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a systematic literature review. Gerodontology.

Documenting oral care

As with any other patient-care process, oral care should be documented. But our documentation system lacked a place to record the type and frequency of oral care provided. So we enlisted staff to redesign the documentation of basic nursing care in the medical record. The redesign was piloted and refined repeatedly until staff were satisfied.

Documenting oral care also was essential for monitoring our quality-improvement project and determining the impact of oral care on NV-HAP rates. To reinforce the importance of oral care, we conducted unit audits to monitor oral-care delivery, related issues, and barriers to providing adequate oral care on HAPPI units.


We completed an oral-care knowledge and attitude survey before the oral-care intervention to determine the staff’s educational needs. Results were telling: The majority of our nursing staff didn’t know we had an oral-care protocol and few nurses were aware of the link between oral microbes and pneumonia. (We recommend including nurses’ aides in surveys and comprehensive education sessions in hospitals where they provide basic oral care.)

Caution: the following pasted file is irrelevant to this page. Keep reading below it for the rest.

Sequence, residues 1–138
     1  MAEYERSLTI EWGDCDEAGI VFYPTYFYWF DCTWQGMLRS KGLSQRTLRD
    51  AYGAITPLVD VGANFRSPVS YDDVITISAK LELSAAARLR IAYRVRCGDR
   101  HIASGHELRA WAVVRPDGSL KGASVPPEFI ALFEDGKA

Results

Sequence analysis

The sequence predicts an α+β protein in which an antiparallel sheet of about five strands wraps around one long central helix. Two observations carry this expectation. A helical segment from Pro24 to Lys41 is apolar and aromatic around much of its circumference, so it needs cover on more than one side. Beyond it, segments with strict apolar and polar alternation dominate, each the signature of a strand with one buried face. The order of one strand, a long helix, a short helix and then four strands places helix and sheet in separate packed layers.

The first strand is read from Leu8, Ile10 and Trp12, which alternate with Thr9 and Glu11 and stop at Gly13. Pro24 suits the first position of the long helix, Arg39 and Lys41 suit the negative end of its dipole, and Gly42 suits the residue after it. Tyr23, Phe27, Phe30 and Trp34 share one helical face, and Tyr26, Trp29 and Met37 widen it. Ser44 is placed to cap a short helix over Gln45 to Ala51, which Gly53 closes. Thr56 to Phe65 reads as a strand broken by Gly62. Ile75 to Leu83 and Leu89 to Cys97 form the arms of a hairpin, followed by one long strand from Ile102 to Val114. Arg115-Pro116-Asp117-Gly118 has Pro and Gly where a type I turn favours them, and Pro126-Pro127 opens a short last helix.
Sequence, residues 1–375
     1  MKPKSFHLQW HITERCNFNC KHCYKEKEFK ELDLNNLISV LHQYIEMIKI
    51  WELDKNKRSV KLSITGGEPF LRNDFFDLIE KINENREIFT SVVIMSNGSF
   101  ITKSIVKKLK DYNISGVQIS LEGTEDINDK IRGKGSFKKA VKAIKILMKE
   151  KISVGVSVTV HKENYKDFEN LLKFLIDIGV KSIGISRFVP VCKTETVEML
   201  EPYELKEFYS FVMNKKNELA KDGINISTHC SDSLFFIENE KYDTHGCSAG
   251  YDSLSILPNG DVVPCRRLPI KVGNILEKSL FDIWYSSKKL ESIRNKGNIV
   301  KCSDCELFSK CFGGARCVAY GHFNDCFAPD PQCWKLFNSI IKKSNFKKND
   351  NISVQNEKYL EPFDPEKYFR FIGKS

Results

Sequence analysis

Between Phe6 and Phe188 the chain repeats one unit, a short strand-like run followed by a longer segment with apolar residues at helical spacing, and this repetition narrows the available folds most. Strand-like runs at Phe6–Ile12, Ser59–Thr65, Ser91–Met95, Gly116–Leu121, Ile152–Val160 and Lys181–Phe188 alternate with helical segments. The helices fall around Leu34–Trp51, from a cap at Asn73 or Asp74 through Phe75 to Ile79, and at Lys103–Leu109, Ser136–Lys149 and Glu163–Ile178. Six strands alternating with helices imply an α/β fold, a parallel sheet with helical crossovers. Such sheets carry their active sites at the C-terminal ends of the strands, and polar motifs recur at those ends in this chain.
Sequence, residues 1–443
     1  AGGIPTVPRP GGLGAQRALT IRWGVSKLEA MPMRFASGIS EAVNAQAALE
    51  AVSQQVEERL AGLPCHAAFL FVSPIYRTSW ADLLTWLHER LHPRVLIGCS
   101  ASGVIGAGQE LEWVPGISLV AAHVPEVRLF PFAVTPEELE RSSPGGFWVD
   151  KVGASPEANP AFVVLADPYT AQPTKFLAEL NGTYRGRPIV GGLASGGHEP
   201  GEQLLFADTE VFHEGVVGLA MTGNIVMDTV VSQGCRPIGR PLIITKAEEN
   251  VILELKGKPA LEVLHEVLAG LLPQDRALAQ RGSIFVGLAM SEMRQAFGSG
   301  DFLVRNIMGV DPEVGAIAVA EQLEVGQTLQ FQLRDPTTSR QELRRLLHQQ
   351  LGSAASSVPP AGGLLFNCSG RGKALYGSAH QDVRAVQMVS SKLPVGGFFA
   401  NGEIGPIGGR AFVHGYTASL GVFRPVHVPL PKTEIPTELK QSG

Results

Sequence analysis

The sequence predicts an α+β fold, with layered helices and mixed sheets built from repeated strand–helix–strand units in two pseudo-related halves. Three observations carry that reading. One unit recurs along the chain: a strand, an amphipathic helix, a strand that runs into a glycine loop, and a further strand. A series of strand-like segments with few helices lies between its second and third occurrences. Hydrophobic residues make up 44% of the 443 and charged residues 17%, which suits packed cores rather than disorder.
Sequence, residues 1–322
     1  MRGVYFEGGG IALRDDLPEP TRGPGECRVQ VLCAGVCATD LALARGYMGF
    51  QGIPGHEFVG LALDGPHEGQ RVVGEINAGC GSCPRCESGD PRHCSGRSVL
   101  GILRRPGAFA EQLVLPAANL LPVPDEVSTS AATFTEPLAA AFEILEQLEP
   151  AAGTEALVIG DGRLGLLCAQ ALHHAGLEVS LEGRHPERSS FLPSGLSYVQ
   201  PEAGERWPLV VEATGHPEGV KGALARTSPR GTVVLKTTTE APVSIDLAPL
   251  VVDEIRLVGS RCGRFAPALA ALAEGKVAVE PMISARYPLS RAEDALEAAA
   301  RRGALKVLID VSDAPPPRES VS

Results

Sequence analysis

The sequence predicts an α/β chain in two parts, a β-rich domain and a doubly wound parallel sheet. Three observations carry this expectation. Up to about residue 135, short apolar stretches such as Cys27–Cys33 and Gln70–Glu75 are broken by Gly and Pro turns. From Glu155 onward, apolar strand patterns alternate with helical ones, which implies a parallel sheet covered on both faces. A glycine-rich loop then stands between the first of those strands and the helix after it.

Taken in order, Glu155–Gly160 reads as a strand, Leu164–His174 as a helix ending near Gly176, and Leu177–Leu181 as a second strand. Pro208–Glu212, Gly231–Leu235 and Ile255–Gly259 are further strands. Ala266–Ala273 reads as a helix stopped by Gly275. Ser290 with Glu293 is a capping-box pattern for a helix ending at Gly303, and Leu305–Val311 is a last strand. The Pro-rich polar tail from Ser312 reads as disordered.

We then developed an oral-care education program in collaboration with the local dental society (which served as an expert resource). The program covered HAP causes and prevention, our new oral-care protocol, and demonstration of our new oral-care equipment, which empowered staff to deliver this valuable basic intervention.

We also developed a patient and family education program, which included a poster and flyers detailing the importance of oral care during hospitalization. We placed the posters in elevators and hallways and used the flyers in one-on-one education sessions with patients and family members.